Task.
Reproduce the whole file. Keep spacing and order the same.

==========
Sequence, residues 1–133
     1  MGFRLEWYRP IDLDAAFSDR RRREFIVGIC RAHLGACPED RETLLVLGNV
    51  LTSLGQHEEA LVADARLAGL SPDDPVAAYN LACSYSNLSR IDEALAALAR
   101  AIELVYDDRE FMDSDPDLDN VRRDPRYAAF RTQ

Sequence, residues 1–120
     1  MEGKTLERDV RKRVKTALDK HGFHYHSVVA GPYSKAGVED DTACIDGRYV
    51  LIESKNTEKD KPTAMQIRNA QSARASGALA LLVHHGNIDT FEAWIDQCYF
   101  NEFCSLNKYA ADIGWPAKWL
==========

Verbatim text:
Sequence, residues 1–133
     1  MGFRLEWYRP IDLDAAFSDR RRREFIVGIC RAHLGACPED RETLLVLGNV
    51  LTSLGQHEEA LVADARLAGL SPDDPVAAYN LACSYSNLSR IDEALAALAR
   101  AIELVYDDRE FMDSDPDLDN VRRDPRYAAF RTQ

Sequence, residues 1–120
     1  MEGKTLERDV RKRVKTALDK HGFHYHSVVA GPYSKAGVED DTACIDGRYV
    51  LIESKNTEKD KPTAMQIRNA QSARASGALA LLVHHGNIDT FEAWIDQCYF
   101  NEFCSLNKYA ADIGWPAKWL